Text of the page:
"Message": "XID       0x000d\r\n    Flags     0x8180\r\n      QR        1 (RESPONSE)\r\n      OPCODE    0 (QUERY)\r\n      AA        0\r\n      TC        0\r\n      RD        1\r\n      RA        1\r\n      Z         0\r\n      CD        0\r\n      AD        0\r\n      RCODE     0 (NOERROR)\r\n    QCOUNT    1\r\n    ACOUNT    1\r\n    NSCOUNT   0\r\n    ARCOUNT   0\r\n    QUESTION SECTION:\r\n    Offset = 0x000c, RR count = 0\r\n    Name      \"(6)example(3)com(0)\"\r\n      QTYPE   AAAA (28)\r\n      QCLASS  1\r\n    ANSWER SECTION:\r\n    Offset = 0x001c, RR count = 0\r\n    Name      \"[C00C](6)example(3)com(0)\"\r\n      TYPE   AAAA  (28)\r\n      CLASS  1\r\n      TTL    26\r\n      DLEN   16\r\n      DATA   2a00:1450:400d:805::200e\r\n    AUTHORITY SECTION:\r\n      empty\r\n    ADDITIONAL SECTION:\r\n      empty\r\n",
  "MsgLen": "56",
  "Opcode": "Q",
  "PortNum": "60010",
  "Protocol": "UDP",
  "QFlags": "[8081   DR  NOERROR]",
  "QueryType": "R",
  "QuestionName": "(6)example(3)com(0)",
  "QuestionType": "AAAA",
  "Queued": "0",
  "RemoteAddr": "::1",
  "RemoteIP": "::1",
  "SendReceiveIndicator": "Snd",
  "Socket": "512",
  "ThreadId": "044C",
  "TimeQuery": "12131",
  "Xid": "000d",
  "EventTime": "2022-09-20T20:33:36.000000+01:00"
}

Collecting DNS query logs via Sysmon

Another potential source of DNS event logs is Sysmon. It is a system service and device driver which monitors system activity and logs events to Windows Event Log. See Setting up Sysmon for further details.

The DNS events logged by Sysmon are not the same as other DNS monitoring events like DNS Server Audit and Analytical logging or DNS Server debug logging. For example, Sysmon DNS query logging only logs client DNS queries. Yet, the information it supplies compliments the DNS Server Analytical logs by adding the name and path of the application querying the DNS Server. It can monitor DNS queries initiated by any network-enabled Windows client software, for instance, web browsers, FileZilla, WinSCP, ping, tracert, etc. However, Sysmon does not log direct DNS lookups done with nslookup.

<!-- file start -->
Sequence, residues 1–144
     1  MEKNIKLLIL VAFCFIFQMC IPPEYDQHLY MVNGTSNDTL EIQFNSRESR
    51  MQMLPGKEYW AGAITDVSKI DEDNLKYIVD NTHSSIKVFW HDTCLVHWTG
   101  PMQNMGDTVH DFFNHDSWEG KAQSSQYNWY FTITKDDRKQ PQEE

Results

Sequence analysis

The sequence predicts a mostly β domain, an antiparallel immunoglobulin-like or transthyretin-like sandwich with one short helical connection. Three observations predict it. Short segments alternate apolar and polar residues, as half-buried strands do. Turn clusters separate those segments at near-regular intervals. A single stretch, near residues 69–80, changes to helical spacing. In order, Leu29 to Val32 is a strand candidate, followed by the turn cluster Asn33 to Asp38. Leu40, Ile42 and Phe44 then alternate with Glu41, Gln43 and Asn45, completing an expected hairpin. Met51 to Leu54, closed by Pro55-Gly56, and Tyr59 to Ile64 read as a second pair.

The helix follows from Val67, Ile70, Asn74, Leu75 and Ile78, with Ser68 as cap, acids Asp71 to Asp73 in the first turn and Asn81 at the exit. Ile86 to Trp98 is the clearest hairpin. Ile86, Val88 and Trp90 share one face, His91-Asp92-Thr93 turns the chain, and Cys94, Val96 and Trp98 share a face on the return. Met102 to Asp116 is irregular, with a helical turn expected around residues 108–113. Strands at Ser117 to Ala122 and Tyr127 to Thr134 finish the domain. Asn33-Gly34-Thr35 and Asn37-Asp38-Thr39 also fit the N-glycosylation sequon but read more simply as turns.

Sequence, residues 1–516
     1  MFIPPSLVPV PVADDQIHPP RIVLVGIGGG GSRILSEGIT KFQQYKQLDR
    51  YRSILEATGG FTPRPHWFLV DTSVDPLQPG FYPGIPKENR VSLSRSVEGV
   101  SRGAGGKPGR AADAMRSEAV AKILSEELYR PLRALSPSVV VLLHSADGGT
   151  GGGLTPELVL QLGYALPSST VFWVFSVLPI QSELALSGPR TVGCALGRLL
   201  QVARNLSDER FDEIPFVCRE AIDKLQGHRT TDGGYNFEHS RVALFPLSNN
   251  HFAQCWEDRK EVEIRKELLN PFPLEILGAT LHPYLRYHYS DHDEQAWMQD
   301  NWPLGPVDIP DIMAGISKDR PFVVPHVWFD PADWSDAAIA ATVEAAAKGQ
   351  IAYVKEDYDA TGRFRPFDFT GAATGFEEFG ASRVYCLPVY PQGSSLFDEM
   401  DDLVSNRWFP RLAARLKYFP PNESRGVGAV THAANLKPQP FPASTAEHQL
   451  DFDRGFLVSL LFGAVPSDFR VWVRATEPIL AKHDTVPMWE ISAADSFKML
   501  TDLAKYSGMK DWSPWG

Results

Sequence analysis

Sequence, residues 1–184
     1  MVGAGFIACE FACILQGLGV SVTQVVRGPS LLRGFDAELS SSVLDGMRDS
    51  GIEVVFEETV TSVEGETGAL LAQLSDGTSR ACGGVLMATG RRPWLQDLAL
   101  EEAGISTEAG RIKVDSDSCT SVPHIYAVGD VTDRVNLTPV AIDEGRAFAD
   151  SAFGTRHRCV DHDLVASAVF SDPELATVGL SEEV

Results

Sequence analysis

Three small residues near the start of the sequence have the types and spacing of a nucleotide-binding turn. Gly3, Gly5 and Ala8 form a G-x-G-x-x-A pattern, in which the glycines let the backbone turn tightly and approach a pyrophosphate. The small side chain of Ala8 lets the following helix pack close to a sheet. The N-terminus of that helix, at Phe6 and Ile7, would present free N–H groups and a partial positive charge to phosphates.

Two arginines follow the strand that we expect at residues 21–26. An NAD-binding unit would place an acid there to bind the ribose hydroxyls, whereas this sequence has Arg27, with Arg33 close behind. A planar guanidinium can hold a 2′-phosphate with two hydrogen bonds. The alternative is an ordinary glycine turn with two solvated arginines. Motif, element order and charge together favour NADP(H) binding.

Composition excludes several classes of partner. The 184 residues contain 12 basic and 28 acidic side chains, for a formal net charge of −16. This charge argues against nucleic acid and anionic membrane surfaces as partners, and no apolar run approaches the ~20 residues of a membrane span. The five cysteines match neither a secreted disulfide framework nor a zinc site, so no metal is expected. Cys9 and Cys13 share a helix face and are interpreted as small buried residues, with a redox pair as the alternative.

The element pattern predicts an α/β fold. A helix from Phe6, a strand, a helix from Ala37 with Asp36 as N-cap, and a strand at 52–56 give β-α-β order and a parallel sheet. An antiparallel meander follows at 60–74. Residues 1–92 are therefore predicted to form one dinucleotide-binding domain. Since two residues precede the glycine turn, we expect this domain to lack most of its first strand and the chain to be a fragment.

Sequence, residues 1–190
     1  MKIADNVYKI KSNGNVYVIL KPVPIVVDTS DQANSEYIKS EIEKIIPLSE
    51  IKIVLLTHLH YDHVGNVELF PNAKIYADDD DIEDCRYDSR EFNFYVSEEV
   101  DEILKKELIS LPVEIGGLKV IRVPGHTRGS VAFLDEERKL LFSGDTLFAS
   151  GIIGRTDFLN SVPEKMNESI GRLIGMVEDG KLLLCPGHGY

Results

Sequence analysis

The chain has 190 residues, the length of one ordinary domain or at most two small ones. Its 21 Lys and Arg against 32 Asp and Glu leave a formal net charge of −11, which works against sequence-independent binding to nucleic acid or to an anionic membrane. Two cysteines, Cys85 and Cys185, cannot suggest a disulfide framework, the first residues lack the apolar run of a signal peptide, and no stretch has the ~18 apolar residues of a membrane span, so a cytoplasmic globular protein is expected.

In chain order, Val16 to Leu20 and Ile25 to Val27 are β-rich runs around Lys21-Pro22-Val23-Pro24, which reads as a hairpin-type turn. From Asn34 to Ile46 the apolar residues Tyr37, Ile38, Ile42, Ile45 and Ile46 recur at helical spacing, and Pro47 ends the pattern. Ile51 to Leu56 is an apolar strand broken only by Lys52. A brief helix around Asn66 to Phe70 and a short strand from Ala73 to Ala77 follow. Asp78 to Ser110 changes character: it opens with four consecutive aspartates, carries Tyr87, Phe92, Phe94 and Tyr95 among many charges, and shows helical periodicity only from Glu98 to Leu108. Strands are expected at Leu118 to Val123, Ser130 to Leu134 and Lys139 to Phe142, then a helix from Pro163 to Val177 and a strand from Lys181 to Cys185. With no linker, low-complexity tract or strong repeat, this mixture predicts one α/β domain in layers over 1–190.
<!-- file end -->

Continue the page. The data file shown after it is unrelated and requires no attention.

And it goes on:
Configure DNS query logging

Sysmon does not log DNS client queries by default. To enable DNS query logging, create a Sysmon configuration file in the same directory as Sysmon.exe:

config-dnsquery.xml
<Sysmon schemaversion="4.22">
  <EventFiltering>
    <DnsQuery onmatch="exclude"/>
  </EventFiltering>
</Sysmon>

Then, execute the following command to apply the new configuration:

C:\Windows> Sysmon.exe -c config-dnsquery.xml

To confirm that the new configuration has been applied, execute the following command:

C:\Windows> Sysmon.exe -c

The last few lines of output returned from Sysmon should produce the following confirmation that DNS Query logging is active:

Rule configuration (version 4.22):
 - DnsQuery              onmatch: exclude   combine rules using 'And'
You can find a good resource for configuring Sysmon to log DNS events in the sysmon-config GitHub repository. Despite sysmonconfig-export.xml being an XML file, the DNS section starting at line 885 <!--SYSMON EVENT ID 22 : DNS QUERY [DnsQuery]--> contains a good description of the configuration. It includes a complete RuleGroup example for filtering out known domains to reduce noise from ads and other sources that generate many events for harmless DNS lookups.